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No Cry Sleep Solution

Poll Results: Did the No Cry Sleep Solution work for you?

 
  • 32% (29)
    Yes
  • 67% (60)
    No
89 Total Votes  
post #1 of 48
Thread Starter 
Has anyone tried the No Cry Sleep Solution? Did it work for you?
post #2 of 48
Well, I said "yes," but I think that's a bit misleading. The poll's options are a bit misleading, actually, since it's not really the "solution" that the book's title promises (I suppose the book's title is misleading too, then!). We've been trying the various strategies (esp the "Pantley Pull-Off") for about 7 months now and I think they've definitely resulted in a major improvement over the long term. ds no longer nurses TO sleep: when he's done nursing, he unlatches and rolls over and goes to sleep on his own. So bedtime is much, much easier than it used to be, and nighttime wakings are less disruptive. But if you mean, did it get him to sleep 10 hours at night, then no. He still wakes up a lot, but the book has definitely been helpful.
post #3 of 48
No. We call it the No Cry, No Sleep, No Solution book. There's no "solution" - just random things that might help. And if they help you, great. But there was really nothing in there for us.
post #4 of 48
Ditto.
post #5 of 48
both of my older ones slept a lot better after doing the pull-off thing... woke up a lot less. great book imo.
post #6 of 48
Quote:
Originally Posted by XanaduMama View Post
Well, I said "yes," but I think that's a bit misleading. The poll's options are a bit misleading, actually, since it's not really the "solution" that the book's title promises (I suppose the book's title is misleading too, then!). We've been trying the various strategies (esp the "Pantley Pull-Off") for about 7 months now and I think they've definitely resulted in a major improvement over the long term. ds no longer nurses TO sleep: when he's done nursing, he unlatches and rolls over and goes to sleep on his own. So bedtime is much, much easier than it used to be, and nighttime wakings are less disruptive. But if you mean, did it get him to sleep 10 hours at night, then no. He still wakes up a lot, but the book has definitely been helpful.
If you've been trying the PPO for 7 mo's, don't you think that your dc may just be getting older and "solving" his own sleep problems? I dunno, I like the book but it seems like basically the advice is to just wait and then they'll grow out of it.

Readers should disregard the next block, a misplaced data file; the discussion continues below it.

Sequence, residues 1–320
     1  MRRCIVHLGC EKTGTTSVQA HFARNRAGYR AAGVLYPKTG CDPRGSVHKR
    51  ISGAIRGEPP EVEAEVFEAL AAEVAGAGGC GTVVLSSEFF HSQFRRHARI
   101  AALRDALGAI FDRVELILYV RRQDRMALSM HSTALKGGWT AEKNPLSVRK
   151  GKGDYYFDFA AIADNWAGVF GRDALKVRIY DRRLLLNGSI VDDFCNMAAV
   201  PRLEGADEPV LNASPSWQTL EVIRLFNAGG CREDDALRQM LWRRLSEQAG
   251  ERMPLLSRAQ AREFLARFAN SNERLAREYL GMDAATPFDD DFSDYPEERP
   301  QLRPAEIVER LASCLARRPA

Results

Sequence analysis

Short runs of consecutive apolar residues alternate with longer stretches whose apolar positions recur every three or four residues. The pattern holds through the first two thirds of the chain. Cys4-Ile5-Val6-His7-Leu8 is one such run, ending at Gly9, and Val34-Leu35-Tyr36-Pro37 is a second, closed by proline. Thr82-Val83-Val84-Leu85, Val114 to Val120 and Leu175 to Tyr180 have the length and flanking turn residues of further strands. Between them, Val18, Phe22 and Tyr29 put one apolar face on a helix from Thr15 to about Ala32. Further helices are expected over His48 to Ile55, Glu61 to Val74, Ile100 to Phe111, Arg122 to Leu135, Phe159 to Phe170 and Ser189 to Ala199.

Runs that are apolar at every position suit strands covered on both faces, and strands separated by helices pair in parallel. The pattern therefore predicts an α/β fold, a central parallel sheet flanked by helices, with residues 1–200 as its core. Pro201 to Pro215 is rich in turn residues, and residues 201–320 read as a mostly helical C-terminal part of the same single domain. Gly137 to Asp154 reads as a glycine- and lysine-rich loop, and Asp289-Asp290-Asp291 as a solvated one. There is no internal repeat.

Don't mind me, just bitter that no one can tell me how to make my child sleep w/out waking up 5x+ a night!
post #7 of 48
Quote:
Don't mind me, just bitter that no one can tell me how to make my child sleep w/out waking up 5x+ a night!
I hear ya. I keep thinking there has to be SOMETHING between CIO and just waiting for her to outgrow it.
post #8 of 48
It didn't work for us. Absolutely none of the methods worked (and I followed it to the letter), which just made me frantic. And I got obsessed with the clock--I was either awake wondering why the heck the methods weren't working, or I was awake celebrating that she just slept 30 minutes longer than the last stretch. Crazy.
post #9 of 48
Quote:
Originally Posted by newbymom05 View Post
If you've been trying the PPO for 7 mo's, don't you think that your dc may just be getting older and "solving" his own sleep problems?
Yeah, I gotta agree with that analysis.
post #10 of 48
The pull off worked. The rest did not. I never had much trouble getting ds to STAY sleeping, I had problems GETTING him to sleep. A baby who lays in bed for 1.5 hours kicking his legs and staring at you in the dark-- I didn't feel that she delt with that situation. The book seemed to assume the child would fall asleep, then wake up frequently.
post #11 of 48
Quote:
Originally Posted by Flor View Post
The pull off worked. The rest did not. I never had much trouble getting ds to STAY sleeping, I had problems GETTING him to sleep. A baby who lays in bed for 1.5 hours kicking his legs and staring at you in the dark-- I didn't feel that she delt with that situation. The book seemed to assume the child would fall asleep, then wake up frequently.
OK, now that is interesting. I am going to have to reread it because I felt totally the opposite--it was for people whose kids wouldn't sleep, therefore I didn't find it helpful since we use the magic boob for sleep. I just don't want to have to use it every 2 hrs!

Sadly, I'm beginning to think there is no way to make anyone fall or stay asleep. Some of us seem to have been blessed w/ sleep challenged LOs.
post #12 of 48
Quote:
Originally Posted by newbymom05 View Post
If you've been trying the PPO for 7 mo's, don't you think that your dc may just be getting older and "solving" his own sleep problems?

Yep, probably true. I'll clarify and say that the pull off thing was helpful, but the rest really is tips, rather than a "solution." It was no help at all for naps, which is what I really wanted...time was the only "solution" there.
post #13 of 48
Quote:
Originally Posted by newbymom05 View Post